Diagnosis is based on symptoms, patient history and detection of intraerythrocytic parasite in the blood (figure 21B,D) or transfer of blood in normal hamsters which can be heavily parasitized.

Treatment and Control
Drugs of choice are clindamycin combined with quinine or atovaquone combined with azithromycin.

The patient may recover spontaneously. One should avoid tick exposure and, if bitten, remove the tick from the skin immediately.




Babesia-lc.gif (31039 bytes)  Figure 21D

The Babesia microti life cycle involves two hosts, which includes a rodent, primarily the white-footed mouse, Peromyscus leucopus.  During a blood meal, a Babesia-infected tick introduces sporozoites into the mouse host  .  Sporozoites enter erythrocytes and undergo asexual reproduction (budding)  .  In the blood, some parasites differentiate into male and female gametes although these cannot be distinguished at the light microscope level  .  The definitive host is a tick, in this case the deer tick, Ixodes dammini (I. scapularis).  Once ingested by an appropriate tick  , gametes unite and undergo a sporogonic cycle resulting in sporozoites  .  Transovarial transmission (also known as vertical, or hereditary, transmission) has been documented for “large” Babesia spp. but not for the “small” babesiae, such as B. microti  .  Humans enter the cycle when bitten by infected ticks.  During a blood meal, a Babesia-infected tick introduces sporozoites into the human host  .  Sporozoites enter erythrocytes  and undergo asexual replication (budding)  .  Multiplication of the blood stage parasites is responsible for the clinical manifestations of the disease.  Humans are, for all practical purposes, dead-end hosts and there is probably little, if any, subsequent transmission that occurs from ticks feeding on infected persons.  However, human to human transmission is well recognized to occur through blood transfusions  .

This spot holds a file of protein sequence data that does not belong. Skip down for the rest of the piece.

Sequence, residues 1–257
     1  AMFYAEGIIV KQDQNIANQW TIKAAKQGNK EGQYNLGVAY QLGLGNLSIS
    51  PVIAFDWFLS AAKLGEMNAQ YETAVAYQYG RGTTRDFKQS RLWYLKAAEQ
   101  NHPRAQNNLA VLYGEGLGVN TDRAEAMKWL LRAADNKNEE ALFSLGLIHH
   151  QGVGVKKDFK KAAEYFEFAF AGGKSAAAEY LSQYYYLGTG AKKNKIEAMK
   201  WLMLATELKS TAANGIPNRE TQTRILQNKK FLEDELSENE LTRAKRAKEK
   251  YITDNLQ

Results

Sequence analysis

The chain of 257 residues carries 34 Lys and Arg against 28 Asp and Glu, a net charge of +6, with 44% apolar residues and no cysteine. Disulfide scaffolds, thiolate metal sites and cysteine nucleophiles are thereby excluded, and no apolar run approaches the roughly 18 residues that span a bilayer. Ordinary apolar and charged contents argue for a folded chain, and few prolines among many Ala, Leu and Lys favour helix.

Note: Deer are the hosts upon which the adult ticks feed and are indirectly part of the Babesia cycle as they influence the tick population.  When deer populations increase, the tick population also increases, thus heightening the potential for transmission. 
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Figure 21E
Number of reported cases of babesiosis, by county of residence — 27 states, 2013

Figure 21F
Number of reported cases of babesiosis, by month of symptom onset — 2013

Figure 21G
Number of reported cases of babesiosis, by year

Figure 21H
 Number of reported cases of babesiosis, by age group — 2013

Toxoplasma-lc.gif (18764 bytes)